Radiographic and safety details of vertebral body stenting : results from a multicenter chart review

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    Background: Up to one third of BKP treated cases shows no appreciable height restoration due to loss of both restored height and kyphotic realignment after balloon deflation. This shortcoming has called for an improved method that maintains the height and realignment reached by the fully inflated balloon until stabilization of the vertebral body by PMMA-based cementation. Restoration of the physiological vertebral body height for pain relief and for preventing further fractures of adjacent and distant vertebral bodies must be the main aim for such a method. A new vertebral body stenting system (VBS) stabilizes the vertebral body after balloon deflation until cementation. The radiographic and safety results of the first 100 cases where VBS was applied are presented. Methods: During the planning phase of an ongoing international multicenter RCT, radiographic, procedural and followup details were retrospectively transcribed from charts and xrays for developing and testing the case report forms. Radiographs were centrally assessed at the institution of the first/senior author. Results: 100 patients (62 with osteoporosis) with a total of 103 fractured vertebral bodies were treated with the VBS system. 49 were females with a mean age of 73.2 years; males were 66.7 years old. The mean preoperative anterior-middle-posterior heights were 20.3-17.6-28.0 mm, respectively. The mean local kyphotic angle was 13.1°. The mean preoperative Beck Index (anterior edge height/posterior edge height) was 0.73, the mean alternative Beck Index (middle height/posterior edge height) was 0.63. The mean postoperative heights were restored to 24.5-24.6-30.4 mm, respectively. The mean local kyphotic angle was reduced to 8.9°. The mean postoperative Beck Index was 0.81, the mean alternative one was 0.82. The overall extrusion rate was 29.1%, the symptomatic one was 1%. In the osteoporosis subgroup there were 23.8% extrusions. Within the three months followup interval there were 9% of adjacent and 4% of remote new fractures, all in the osteoporotic group. Conclusions: VBS showed its strengths especially in realignment of crush and biconcave fractures. Given that fracture mobility is present, the realignment potential is sound and increases with the severity of preoperative vertebral body deformation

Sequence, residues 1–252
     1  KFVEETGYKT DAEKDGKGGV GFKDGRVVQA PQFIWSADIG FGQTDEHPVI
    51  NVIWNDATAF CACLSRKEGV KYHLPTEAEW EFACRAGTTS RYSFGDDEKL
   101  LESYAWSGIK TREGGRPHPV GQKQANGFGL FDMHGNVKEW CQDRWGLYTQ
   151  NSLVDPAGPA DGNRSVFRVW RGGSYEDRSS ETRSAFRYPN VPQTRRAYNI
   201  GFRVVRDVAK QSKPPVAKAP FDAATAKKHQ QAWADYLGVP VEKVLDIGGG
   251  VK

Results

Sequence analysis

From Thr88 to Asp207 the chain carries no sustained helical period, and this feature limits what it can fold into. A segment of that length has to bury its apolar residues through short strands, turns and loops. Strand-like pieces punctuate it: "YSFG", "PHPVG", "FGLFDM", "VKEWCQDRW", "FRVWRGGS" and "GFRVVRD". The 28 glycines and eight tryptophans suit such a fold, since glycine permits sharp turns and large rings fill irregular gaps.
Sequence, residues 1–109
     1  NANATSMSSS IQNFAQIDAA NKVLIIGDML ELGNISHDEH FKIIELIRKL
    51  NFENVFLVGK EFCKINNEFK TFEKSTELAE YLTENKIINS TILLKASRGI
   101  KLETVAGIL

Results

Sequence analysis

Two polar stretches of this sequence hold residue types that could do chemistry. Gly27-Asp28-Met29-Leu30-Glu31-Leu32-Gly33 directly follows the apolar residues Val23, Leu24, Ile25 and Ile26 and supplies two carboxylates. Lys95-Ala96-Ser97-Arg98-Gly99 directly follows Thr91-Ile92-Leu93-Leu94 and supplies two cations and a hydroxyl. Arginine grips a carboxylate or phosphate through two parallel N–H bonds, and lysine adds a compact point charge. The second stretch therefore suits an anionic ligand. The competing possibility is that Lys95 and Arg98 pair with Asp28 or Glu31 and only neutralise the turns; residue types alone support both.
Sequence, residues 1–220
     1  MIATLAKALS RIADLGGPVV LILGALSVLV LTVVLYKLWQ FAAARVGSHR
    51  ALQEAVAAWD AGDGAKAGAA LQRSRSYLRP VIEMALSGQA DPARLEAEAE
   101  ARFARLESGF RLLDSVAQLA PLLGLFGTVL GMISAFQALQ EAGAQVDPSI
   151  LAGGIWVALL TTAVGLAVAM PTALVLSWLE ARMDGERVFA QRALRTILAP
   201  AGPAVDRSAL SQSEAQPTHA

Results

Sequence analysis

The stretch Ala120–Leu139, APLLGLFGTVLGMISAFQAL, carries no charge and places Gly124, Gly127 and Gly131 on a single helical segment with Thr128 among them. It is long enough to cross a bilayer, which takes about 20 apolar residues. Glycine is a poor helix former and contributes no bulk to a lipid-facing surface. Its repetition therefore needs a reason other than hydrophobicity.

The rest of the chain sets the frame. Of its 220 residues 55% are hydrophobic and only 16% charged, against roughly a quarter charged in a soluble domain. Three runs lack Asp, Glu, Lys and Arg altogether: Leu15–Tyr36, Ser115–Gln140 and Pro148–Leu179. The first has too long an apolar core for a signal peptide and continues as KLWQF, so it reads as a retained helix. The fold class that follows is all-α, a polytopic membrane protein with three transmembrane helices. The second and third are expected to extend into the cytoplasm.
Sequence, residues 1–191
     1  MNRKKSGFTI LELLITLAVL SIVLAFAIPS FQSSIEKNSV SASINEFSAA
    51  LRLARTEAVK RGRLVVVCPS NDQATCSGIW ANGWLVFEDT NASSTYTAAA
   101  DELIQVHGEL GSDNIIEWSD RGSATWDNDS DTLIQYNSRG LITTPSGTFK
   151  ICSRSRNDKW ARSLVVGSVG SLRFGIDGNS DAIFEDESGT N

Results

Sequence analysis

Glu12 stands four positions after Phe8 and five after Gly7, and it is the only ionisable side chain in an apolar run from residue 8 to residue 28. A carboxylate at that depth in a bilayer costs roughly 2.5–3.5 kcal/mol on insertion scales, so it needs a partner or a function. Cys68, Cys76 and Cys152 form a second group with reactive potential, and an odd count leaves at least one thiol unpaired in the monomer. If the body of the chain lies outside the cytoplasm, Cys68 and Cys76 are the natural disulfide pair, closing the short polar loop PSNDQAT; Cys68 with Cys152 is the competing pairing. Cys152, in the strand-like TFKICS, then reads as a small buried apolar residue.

Bisphosphonates : a cost benefit analysis patient